ARCHIV - Graupapageien sitzen am 18.06.2012 in einer Voliere in der Wildtierstation in Sachsenhagen (Niedersachsen). In Hessen leben immer mehr artgeschützte Tiere. Allerdings nicht unbedingt in freier Wildbahn, sondern bei Tierfreunden und Züchtern in Häusern und Wohnungen. Hessenweit sind es rund 82 000 dieser Tiere. Foto: Holger Hollemann/dpa (zu dpa/lhe "Tausende artgeschützte Tiere in hessischen Wohnungen" vom 02.08.2013) +++(c) dpa - Bildfunk+++

They live in the primeval forests of the Congo and in the living rooms of the Germans: the Congo gray parrot is one of the most popular bird species among hobby keepers, also in Brandenburg. But by no means all animals are kept in a species-appropriate manner. This is the result of a study commissioned by Brandenburg’s Animal Welfare Officer Stefan Heidrich as part of the research project “Keeping Exotic Animals and Wild Animals in Private Hands”.

Of course, the result shows that the birds often live individually, and there are often no cages of sufficient size. “The current study makes it clear once again that the private keeping of gray parrots rarely fully meets the high demands of this exotic animal species, which is threatened with extinction,” says Heidrich. “In particular, the social behavior of the parrots is of great importance for species-appropriate keeping.”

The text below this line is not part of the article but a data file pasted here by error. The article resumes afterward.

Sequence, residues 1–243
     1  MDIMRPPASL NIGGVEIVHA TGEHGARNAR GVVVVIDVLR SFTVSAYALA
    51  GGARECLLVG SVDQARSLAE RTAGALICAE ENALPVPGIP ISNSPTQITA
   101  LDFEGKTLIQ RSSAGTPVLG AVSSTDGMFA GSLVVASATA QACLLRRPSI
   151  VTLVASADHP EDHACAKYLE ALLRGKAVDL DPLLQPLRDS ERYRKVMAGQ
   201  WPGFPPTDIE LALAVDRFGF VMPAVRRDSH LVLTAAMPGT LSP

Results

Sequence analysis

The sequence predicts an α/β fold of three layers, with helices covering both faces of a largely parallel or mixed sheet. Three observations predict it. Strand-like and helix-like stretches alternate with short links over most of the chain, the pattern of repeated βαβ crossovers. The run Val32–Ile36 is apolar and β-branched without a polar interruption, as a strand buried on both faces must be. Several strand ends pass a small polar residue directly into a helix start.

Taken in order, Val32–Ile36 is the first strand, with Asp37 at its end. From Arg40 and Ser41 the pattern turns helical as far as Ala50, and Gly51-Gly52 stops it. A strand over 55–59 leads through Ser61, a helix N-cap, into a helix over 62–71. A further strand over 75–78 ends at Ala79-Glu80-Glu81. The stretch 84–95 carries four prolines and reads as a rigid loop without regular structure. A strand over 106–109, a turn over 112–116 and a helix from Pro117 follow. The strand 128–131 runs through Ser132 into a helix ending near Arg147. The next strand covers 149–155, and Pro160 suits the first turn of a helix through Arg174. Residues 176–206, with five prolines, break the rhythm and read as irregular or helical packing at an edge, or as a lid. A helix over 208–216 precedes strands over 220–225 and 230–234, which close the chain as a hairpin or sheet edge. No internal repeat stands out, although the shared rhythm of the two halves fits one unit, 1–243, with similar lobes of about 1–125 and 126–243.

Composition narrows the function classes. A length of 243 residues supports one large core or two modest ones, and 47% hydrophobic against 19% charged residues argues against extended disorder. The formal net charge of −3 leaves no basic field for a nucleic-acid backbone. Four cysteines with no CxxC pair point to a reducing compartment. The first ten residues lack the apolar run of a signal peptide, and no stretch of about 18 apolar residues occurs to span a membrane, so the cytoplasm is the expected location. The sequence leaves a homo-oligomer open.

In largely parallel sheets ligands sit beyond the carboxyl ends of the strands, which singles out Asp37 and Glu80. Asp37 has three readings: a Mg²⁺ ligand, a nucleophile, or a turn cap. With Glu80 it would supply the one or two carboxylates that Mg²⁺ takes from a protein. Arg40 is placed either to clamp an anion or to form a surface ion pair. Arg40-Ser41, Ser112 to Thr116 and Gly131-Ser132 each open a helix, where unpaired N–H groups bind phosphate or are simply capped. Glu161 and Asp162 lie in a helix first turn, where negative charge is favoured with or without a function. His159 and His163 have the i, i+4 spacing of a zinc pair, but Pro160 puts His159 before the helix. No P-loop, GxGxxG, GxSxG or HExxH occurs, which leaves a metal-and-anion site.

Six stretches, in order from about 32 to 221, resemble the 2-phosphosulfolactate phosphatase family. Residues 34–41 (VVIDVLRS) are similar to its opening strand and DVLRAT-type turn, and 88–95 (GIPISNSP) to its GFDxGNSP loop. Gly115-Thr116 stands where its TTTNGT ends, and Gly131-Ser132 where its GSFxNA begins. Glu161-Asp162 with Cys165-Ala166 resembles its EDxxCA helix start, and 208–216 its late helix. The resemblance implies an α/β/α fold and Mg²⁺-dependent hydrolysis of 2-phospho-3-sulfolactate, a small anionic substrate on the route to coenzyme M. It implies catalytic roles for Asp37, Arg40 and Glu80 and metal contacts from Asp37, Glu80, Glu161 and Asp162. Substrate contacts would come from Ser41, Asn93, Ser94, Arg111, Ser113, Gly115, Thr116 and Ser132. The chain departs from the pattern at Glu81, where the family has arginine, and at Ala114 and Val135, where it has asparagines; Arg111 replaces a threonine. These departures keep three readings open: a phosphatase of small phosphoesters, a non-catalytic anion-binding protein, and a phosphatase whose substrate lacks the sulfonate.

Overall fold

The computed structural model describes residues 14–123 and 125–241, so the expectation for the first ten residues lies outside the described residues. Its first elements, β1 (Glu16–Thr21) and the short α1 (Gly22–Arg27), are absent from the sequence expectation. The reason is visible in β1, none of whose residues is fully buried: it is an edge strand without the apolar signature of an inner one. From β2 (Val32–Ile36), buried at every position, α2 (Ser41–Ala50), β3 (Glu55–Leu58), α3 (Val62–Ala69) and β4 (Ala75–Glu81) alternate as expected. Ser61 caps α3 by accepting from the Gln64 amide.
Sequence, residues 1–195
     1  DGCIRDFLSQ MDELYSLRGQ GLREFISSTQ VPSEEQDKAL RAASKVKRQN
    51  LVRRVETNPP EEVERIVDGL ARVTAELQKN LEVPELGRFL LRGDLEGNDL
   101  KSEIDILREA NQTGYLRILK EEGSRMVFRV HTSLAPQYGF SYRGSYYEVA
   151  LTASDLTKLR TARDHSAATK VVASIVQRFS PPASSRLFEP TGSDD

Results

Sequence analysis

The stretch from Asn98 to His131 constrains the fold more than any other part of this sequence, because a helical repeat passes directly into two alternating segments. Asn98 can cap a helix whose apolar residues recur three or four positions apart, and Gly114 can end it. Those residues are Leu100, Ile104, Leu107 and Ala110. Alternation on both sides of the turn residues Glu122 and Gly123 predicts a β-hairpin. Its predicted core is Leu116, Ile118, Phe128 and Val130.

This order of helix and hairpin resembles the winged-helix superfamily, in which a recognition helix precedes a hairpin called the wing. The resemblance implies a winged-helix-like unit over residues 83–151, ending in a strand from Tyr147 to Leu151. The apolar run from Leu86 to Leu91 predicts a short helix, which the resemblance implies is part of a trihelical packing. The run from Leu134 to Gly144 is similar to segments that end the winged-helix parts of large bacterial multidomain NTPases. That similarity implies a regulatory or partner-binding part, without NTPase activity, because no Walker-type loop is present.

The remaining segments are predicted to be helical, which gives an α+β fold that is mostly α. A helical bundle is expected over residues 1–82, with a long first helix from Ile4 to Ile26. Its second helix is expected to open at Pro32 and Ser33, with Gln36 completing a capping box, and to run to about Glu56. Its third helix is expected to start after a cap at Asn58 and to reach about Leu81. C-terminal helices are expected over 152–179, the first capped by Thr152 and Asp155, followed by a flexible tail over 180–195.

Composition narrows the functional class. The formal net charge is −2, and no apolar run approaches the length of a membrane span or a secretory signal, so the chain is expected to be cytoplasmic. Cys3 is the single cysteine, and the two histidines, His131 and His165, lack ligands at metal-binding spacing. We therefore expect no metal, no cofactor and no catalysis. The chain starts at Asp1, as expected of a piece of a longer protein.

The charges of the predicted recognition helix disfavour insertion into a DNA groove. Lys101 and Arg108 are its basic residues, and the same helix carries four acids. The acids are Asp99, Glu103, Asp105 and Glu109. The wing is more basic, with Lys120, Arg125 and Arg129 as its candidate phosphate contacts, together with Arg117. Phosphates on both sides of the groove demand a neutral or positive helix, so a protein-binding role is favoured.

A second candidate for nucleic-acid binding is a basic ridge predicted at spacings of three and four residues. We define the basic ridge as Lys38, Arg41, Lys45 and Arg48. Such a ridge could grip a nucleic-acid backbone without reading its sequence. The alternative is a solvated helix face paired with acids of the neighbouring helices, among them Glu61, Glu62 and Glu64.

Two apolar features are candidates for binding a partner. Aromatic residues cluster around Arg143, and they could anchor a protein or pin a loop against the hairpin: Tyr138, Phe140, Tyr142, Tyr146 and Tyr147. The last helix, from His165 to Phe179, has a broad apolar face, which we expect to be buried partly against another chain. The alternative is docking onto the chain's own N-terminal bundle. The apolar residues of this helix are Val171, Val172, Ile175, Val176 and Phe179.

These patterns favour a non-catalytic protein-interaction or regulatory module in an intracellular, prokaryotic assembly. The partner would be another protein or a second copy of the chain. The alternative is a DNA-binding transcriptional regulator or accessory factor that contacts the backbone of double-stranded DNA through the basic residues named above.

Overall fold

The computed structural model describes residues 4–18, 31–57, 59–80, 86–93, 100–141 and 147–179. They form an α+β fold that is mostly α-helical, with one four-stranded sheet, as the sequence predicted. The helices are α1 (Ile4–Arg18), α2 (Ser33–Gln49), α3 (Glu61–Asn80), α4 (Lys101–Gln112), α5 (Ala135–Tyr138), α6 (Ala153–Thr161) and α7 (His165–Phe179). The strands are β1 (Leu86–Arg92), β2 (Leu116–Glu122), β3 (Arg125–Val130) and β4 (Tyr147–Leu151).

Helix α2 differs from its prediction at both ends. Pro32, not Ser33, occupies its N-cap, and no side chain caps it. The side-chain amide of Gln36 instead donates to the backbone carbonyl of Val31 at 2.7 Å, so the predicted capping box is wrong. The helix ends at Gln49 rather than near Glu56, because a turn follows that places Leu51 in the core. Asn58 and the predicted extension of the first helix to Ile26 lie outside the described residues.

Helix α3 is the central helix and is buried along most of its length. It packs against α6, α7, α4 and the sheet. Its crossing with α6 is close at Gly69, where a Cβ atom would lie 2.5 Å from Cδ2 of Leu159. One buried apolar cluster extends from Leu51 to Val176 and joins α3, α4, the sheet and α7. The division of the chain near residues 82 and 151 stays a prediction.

As social animals, gray parrots should be kept at least in pairs. But dealers often did not explain this to potential customers. “In Austria and Switzerland, for example, individual keeping is prohibited according to the Animal Welfare Act,” criticizes the animal welfare officer. “Unfortunately, such a legal regulation does not yet exist in Germany.” The species-appropriate size of the cages in combination with the corresponding free-flight opportunities is often a problem, says Heidrich.

The animal welfare officer is convinced that legally binding regulations are needed for the keeping of exotic animals. In Switzerland, for example, proof of competence for keeping large parrots must be presented. If the Brandenburg animal welfare officer has his way, something like this should also be required in Germany. The federal government would be responsible for this.

Heidrich received support for the demand for a certificate of competence and minimum conditions for keeping exotic animals from the managing director of the “Forum Natur Brandenburg”, the Bernau veterinarian Sabine Buder, who is also a member of the “Veterinarian Association for Animal Welfare”. In the Corona period, many people would have bought new pets. “But the more specific the animal species, the more serious the lack of expertise,” says Buder. [If you want to have all the latest news live on your cell phone, we recommend our app, which you can download here for Apple and Android devices. ]

While you can hardly go wrong with a dwarf rabbit, gray parrots are highly intelligent creatures. “Keeping them species-appropriate is a challenge.” The same applies to monkeys, reptiles or certain types of fish. Their attitude is increasing, but at the same time the difficulties that arise are often underestimated.